Los Arcos – Logrono
Most of us walking the camino are following some type of guide book. There are different versions with different recommended stops and routes. The majority of us are using A Pilgrim’s Guide To The Camino de Santiago by John Brierley. Each day we can either follow the guidebook or determine if we want to stop sooner or walk ahead. Keeping in consideration the amount of time you have available to complete a camino, if that is your goal.
Albergues (pilgrim hostels) and villages are outlined for easy navigating and are available about every 4 miles or so. According to the guidebook, today’s hike will be one of the longest to date. We all agree to tough it out since Logrono is a larger village with many places to sleep.
Beds can be an issue on the camino, due to its new found popularity. It can be difficult and almost impossible to find a bed in some villages, especially if you arrive in the evening. Reservations can be made, which I learned from Marian, however, you must be able to speak some type of broken Spanish and not all places accept reservations, just the private more expensive albergues.
Onward and upward
Our group feels more focused today, less talking, more walking. We have a reservation for tonight; thankfully getting a bed does not have to be a worry since we will be arriving in the afternoon.
Rachel’s mom decides to take a shuttle to Logrono. Her motherly instinct would prefer Rachel to join her. Even though Rachel’s feet are covered in blisters, she decides to push forward. We all hate to see anyone stop. Giving up is always a thought I am ignoring. The last thing you want is any reason to stop walking.
Blisters and toenails…
We walk from 6am (before the sun rises) until well into the afternoon. Rachel, Peter and I arrive in Logrono and are in desperate need of rest. Peter and I stop at the first chance and purchase an orange pop from a local lady at a stand. I relish in it’s cold fizzy sweetness. This has got to be the best orange pop I have ever had.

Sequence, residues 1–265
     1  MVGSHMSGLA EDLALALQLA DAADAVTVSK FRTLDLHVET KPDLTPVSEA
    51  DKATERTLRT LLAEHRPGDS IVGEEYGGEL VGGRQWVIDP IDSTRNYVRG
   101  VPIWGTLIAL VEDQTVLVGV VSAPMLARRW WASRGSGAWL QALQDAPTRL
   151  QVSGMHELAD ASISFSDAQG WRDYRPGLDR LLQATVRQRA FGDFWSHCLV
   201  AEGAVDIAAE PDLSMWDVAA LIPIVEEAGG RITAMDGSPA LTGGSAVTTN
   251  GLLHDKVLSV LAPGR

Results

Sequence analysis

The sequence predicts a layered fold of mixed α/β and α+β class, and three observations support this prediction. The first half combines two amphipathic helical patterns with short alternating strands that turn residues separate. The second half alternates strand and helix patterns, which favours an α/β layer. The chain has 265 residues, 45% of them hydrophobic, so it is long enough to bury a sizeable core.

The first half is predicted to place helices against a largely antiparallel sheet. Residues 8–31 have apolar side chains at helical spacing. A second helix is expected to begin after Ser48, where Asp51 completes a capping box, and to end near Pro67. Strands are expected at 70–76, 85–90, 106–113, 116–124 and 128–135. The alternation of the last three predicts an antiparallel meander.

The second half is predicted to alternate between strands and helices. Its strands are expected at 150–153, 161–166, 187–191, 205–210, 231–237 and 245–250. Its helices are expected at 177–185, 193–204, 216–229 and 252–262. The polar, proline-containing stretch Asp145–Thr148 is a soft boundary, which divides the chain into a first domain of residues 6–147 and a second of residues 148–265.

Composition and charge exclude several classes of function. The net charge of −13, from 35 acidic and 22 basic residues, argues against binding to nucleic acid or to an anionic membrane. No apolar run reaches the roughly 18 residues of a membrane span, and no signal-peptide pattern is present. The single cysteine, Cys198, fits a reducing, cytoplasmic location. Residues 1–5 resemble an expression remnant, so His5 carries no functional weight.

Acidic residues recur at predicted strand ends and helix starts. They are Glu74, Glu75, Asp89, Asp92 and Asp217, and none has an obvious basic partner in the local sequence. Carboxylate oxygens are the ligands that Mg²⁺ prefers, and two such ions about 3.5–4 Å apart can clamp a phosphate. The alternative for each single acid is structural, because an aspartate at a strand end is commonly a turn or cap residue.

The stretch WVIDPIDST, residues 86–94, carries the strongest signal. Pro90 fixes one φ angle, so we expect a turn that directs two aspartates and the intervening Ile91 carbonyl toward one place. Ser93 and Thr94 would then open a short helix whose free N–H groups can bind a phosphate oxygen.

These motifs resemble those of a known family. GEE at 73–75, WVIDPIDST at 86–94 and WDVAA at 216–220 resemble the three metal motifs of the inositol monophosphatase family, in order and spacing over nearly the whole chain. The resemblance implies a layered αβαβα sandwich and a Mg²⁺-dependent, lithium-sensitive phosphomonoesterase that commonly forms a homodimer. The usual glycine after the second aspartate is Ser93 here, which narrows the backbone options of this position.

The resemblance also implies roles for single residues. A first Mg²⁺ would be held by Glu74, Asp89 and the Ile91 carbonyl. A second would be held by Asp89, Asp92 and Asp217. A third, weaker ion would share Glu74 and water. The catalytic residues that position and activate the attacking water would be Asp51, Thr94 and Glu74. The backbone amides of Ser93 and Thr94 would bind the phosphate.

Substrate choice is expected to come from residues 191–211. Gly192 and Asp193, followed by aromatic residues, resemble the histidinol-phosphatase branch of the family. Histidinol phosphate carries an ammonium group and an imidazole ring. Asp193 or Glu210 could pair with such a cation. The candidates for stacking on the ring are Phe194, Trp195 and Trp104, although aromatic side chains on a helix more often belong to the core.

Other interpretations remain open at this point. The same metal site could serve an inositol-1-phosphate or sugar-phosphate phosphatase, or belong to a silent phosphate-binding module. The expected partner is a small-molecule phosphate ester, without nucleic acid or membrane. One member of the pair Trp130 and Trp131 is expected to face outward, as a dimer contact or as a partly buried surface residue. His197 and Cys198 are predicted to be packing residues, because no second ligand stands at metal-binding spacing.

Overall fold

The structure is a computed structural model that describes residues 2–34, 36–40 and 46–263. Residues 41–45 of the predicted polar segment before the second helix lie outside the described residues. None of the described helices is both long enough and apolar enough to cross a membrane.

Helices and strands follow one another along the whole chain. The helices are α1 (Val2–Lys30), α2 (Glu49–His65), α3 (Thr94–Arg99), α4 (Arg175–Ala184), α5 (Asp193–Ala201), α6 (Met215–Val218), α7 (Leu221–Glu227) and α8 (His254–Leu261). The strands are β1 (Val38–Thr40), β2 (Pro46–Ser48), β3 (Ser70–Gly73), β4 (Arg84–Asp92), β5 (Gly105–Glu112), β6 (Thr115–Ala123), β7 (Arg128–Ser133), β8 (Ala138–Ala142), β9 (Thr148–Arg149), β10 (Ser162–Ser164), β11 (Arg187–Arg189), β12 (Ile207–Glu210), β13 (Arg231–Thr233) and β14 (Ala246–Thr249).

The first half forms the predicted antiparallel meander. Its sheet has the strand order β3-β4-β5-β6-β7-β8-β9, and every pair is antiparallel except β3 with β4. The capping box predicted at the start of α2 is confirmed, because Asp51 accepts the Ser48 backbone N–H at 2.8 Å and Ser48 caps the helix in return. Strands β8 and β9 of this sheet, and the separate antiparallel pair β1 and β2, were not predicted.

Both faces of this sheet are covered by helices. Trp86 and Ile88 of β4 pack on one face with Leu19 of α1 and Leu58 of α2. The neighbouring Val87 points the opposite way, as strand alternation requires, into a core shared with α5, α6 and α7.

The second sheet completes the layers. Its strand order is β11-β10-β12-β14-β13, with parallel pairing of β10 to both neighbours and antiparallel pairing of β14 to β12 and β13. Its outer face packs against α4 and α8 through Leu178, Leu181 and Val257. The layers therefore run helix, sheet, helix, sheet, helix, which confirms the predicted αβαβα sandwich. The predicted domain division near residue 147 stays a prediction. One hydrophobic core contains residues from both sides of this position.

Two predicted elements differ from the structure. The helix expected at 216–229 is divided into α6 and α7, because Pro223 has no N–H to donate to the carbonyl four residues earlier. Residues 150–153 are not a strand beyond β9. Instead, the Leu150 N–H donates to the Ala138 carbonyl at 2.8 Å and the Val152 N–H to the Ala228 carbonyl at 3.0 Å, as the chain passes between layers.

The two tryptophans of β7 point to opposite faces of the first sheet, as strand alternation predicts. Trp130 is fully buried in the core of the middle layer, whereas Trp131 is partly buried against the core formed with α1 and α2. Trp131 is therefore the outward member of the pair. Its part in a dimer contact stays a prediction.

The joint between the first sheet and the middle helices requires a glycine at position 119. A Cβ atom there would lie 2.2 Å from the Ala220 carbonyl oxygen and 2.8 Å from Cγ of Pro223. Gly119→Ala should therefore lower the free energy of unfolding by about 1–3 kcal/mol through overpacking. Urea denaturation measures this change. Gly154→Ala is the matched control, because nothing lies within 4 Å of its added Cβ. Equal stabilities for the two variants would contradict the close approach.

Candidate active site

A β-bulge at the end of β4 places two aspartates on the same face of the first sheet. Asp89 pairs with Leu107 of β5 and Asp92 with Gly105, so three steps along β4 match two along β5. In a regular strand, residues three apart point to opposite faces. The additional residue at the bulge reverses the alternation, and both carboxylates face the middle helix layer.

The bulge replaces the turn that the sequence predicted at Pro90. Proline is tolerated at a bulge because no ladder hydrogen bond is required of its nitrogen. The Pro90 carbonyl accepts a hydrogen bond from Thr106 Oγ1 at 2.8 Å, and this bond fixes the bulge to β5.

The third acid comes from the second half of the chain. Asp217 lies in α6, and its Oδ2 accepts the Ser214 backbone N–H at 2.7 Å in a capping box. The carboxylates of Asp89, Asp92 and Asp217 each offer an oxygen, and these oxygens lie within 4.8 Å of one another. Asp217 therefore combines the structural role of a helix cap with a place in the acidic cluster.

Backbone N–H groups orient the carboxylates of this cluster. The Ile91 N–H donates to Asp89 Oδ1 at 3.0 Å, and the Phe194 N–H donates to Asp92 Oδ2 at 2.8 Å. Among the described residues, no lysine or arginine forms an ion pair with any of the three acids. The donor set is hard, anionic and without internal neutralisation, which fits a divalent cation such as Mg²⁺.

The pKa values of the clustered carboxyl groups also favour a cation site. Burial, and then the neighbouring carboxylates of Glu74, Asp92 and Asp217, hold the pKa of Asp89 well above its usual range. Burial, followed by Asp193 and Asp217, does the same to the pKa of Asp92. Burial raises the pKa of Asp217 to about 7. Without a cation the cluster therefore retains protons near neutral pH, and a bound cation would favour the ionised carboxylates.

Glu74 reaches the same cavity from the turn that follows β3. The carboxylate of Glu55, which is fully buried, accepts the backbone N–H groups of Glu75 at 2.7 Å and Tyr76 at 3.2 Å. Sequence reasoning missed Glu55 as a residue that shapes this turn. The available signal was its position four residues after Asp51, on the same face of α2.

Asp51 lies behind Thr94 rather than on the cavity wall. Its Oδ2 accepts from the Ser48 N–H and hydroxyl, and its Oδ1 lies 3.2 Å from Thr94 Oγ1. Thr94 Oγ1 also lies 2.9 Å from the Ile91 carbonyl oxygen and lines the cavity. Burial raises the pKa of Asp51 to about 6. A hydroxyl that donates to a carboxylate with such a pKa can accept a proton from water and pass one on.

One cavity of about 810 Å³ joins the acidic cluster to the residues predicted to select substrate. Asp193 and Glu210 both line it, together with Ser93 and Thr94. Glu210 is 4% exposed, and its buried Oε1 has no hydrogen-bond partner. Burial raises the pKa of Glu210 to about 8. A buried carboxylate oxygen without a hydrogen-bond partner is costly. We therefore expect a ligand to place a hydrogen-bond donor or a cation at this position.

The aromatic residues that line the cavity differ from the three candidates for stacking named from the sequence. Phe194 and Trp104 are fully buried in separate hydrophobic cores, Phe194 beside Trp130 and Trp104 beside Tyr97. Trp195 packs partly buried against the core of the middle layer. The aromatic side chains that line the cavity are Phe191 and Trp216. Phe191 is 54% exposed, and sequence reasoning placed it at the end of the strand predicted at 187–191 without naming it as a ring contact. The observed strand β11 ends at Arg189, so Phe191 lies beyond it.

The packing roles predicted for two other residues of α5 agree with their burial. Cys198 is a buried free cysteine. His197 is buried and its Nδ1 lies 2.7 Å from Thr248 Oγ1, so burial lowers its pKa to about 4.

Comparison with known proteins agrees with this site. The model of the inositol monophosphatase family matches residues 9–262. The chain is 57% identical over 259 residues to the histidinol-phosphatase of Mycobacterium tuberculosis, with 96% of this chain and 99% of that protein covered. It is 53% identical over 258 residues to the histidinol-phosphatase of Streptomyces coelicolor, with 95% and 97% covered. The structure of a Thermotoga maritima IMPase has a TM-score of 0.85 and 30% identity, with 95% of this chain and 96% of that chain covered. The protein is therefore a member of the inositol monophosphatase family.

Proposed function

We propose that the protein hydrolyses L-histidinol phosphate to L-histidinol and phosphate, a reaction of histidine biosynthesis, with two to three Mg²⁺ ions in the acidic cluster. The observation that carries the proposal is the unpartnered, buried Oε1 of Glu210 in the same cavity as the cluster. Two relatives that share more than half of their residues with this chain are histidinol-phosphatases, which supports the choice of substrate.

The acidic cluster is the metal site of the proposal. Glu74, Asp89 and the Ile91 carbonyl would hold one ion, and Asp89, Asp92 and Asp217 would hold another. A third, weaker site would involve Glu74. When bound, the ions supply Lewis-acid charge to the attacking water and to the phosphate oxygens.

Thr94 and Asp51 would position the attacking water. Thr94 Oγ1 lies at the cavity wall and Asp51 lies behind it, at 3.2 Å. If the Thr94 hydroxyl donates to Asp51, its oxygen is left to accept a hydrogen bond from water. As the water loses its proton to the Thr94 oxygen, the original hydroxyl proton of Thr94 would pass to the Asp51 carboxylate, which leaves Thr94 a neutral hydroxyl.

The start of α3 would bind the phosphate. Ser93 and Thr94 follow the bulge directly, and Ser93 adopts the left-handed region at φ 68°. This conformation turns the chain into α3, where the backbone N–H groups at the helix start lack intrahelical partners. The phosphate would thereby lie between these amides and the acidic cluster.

Rachel can barely walk due to her blisters and I am mentally and physically beat. Rachel and her mom decide to take a few days off since Rachel’s blisters have now formed into open wounds. We rest most of the afternoon while the others begin to trickle in.
Losing toenails hiking
Laughter and Peter’s loud voice wakes me from my nap. I roll out of bed to visit the group in the lobby laughing and discussing the state of Peter’s toenails. “What is going on?” I ask. “Peter lost some toenails,” Rosemary laughingly responds. “What!” I respond, “Didn’t you notice your feet hurting?” Peter replies, “Yes, but I just thought it was normal.” His feet are bandaged and Peter, as usual, is in good spirits.
Compeed is used when a fresh blister is forming. It protects it from rubbing and creating an open wound, which is prone to infection. It is recommended to change your compeed every couple days or so. When Peter removed his old compeed, along came a couple toenails.
I have heard about losing toenails from hiking, but it is quite different to know someone who has lost some. Losing toenails is due to the feet swelling from hiking long distances. This is why when getting fitted for boots, it is a must to go 1/2 size larger.
It is a funny, but yet a devastating thing to have happen to Peter. I know he will need to stay behind tomorrow and I must push on. Marian, Russ and I are the only ones who are well enough to keep walking. It is a somber and surreal day. We all know our paths must part and the likely hood of ever being on the same path is slim. I must mentally prepare for a bittersweet good bye in the morning.